Our tree has also found its way into many of the details of the house including the fences that pick up the patterns in its bark, the tree trunks that support our staircase and the dappled light created by our contemporary stained glass. There is a much more profound way in which the tree inspired the design of the house. At the core of our romantic hopes for this project has always been the crazy notion that this house could "work" like a tree.

Trees are remarkable feats of engineering. They are built to last from sustainable materials. They are well adapted to their climatic conditions, coping admirably with heat, cold and desiccation. They get all their energy from the sun. They recycle all their nutrients and enhance biodiversity by supporting a wide range of flora and fauna. Their impact on both local and global ecology is benign. They are beautiful, inspiring, sustainable structures. Not a bad specification, I reckon, for a new house built at the beginning of a century in which we must either learn to swim sustainably or quite literally sink.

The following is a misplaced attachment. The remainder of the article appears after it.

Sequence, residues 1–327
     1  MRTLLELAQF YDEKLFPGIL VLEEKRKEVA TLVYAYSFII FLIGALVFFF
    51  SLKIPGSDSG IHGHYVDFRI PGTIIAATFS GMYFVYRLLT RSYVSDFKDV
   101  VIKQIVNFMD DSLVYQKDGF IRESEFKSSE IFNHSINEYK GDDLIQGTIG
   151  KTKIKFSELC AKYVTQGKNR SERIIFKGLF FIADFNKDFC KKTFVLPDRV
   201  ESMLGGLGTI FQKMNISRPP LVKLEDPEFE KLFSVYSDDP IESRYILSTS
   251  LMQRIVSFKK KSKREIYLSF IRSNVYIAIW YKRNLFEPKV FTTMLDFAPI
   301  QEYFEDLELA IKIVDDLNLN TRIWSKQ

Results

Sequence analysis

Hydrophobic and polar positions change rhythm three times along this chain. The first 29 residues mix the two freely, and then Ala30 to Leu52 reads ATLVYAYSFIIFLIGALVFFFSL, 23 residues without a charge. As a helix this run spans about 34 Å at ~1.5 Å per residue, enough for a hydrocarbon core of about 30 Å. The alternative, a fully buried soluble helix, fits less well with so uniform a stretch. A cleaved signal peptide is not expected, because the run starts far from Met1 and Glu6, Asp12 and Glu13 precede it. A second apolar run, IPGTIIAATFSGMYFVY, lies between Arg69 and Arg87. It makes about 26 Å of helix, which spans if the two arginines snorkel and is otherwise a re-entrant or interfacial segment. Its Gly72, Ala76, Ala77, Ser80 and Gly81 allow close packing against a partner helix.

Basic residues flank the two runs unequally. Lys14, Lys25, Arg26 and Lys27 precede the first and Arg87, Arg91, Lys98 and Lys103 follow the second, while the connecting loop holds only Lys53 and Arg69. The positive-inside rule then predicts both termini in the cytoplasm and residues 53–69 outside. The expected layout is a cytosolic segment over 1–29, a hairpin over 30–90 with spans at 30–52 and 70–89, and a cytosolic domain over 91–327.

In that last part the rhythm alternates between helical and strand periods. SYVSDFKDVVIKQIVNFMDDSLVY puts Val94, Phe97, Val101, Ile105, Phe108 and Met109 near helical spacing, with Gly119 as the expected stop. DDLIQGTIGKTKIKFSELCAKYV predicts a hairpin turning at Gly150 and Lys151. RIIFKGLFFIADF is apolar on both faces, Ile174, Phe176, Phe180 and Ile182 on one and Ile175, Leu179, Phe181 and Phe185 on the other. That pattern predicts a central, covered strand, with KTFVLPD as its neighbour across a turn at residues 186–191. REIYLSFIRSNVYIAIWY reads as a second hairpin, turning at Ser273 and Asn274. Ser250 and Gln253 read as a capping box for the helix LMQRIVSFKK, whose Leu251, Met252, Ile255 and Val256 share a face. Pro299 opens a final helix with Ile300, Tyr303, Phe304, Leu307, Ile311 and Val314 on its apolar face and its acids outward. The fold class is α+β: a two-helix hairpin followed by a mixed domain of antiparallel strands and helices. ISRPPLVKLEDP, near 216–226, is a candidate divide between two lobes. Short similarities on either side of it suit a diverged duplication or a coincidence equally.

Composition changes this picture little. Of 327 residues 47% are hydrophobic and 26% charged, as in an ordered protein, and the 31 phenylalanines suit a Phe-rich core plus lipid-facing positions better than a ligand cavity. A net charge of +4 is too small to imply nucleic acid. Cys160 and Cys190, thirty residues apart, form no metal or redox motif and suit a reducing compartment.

We may not have met every detail of this specification but we have done the best we can on our highly constrained urban site. It will be some time before we know if our combination of a high-performance building and on-site renewable technologies achieves our goal of energy self-sufficiency but early indications are encouraging. I am quite confident, however, that one of our other core goals has been achieved. We have scored the "win-win" of making eco-design work for us as well as for the planet: the house is warm, draught-free, light-filled and an absolute joy to live in.